Making a Boutique Your Customer: The Preliminaries
Prior to approaching a boutique or gift shop about your product, plan an expedition to search for a store that might be a good fit with what you make. Visit the store first as a potential customer getting information about the type of merchandise the boutique offers.
Does it deal mainly in classic clothing or do the garments have a more casual look?
What is the predominant price range of the garments and the jewelry in the store? Will your wholesale prices fit within that range?
Is the jewelry being sold mainly in sets with earrings attached to necklaces or does the boutique offer separates?
While other articles pertaining to this topic may advise you to look for what you create that looks like the jewelry the store carries, this author suggests that you look for what the store doesn’t offer. Is there a gap that your product can fill? While you certainly wouldn’t necessarily want to try to get a boutique owner to offer funky style jewelry to go with suits and classic clothing, there may be a suitable variation you can offer that fits within the genre of the store. For example, if the store appears to predominantly offer long dangly silver and gold earrings, you might notice that it doesn’t have any of this style in copper. That’s a gap you might offer to fill.
While you are at the store, find out whether you are conversing with the store owner or a sales representative. Get the person’s name and remember it. You may want to take the boutique’s card and write that person’s name on it for future reference.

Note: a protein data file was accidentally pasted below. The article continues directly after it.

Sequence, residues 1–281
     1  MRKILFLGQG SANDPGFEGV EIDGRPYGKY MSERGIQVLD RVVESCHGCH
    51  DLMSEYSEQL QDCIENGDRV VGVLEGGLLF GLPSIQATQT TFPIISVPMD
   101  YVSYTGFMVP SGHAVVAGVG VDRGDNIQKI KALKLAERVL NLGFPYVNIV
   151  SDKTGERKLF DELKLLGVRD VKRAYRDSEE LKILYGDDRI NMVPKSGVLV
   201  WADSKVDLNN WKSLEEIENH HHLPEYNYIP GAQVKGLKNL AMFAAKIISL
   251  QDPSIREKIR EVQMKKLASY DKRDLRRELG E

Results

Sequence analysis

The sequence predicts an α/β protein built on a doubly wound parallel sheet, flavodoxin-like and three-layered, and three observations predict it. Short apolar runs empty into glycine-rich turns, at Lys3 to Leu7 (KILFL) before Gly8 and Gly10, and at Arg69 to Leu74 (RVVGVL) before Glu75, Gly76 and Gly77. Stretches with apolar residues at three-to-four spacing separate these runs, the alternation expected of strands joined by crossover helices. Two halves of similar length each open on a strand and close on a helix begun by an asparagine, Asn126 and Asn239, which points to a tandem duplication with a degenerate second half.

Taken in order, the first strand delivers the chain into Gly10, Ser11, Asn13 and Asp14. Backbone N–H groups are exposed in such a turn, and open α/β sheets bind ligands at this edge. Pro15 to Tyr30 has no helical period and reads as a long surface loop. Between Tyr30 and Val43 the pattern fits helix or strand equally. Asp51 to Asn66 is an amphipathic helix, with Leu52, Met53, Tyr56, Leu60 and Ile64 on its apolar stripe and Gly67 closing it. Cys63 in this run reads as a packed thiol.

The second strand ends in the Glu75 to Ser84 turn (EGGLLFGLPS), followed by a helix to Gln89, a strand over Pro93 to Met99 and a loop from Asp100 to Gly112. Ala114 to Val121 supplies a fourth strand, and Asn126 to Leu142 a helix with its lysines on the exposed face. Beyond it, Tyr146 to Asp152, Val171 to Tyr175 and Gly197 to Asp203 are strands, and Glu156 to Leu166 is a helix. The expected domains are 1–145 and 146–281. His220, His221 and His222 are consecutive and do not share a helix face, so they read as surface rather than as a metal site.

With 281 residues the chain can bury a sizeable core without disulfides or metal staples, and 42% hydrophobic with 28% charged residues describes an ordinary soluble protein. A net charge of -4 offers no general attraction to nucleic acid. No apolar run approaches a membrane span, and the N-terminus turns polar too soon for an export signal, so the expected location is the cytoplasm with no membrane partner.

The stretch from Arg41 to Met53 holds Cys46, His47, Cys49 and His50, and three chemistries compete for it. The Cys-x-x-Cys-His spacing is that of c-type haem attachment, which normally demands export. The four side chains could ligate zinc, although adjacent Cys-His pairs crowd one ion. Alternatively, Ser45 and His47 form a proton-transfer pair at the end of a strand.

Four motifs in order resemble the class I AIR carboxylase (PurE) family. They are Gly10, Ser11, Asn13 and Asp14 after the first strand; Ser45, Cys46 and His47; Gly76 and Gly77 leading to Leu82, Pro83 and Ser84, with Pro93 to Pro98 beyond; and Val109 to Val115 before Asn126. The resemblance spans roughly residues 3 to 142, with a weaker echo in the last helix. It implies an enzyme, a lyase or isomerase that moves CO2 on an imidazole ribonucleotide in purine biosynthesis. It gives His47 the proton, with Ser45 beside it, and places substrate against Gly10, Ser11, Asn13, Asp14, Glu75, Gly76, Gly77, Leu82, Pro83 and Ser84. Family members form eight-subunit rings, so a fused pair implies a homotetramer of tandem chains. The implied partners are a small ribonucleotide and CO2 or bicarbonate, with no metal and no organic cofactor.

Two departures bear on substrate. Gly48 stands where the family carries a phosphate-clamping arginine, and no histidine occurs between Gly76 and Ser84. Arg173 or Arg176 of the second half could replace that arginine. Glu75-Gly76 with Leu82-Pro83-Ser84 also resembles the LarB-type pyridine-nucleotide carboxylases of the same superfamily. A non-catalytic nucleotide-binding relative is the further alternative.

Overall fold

Ask where the store get’s its jewelry. Are purchases made at market or produced locally? If you learn that the owner’s sister creates everything the store sells, it might be good to seek another location for your designs. There are some mountains that cannot be moved even if your product is superior and better priced than the boutique’s current offering.
Find out whether customers ask for anything that the store hasn’t been able to find. Is that something that you can offer the boutique?
Finally, would the store owner be interested in seeing your designs? Leave your business card or a brochure of your designs. It’s very helpful if you can suggest an online viewing of your work at your blog or gallery. You may also want to mention the other store locations that carry your product. It will probably be important for the boutique owner to know that your jewelry is not available at a competitor in the same town.
Once you determine what appears to be a mutual interest between you and a boutique owner, it’s time to set up an appointment and market your product. Watch for that topic in a following article, Making a Sale to a Boutique.
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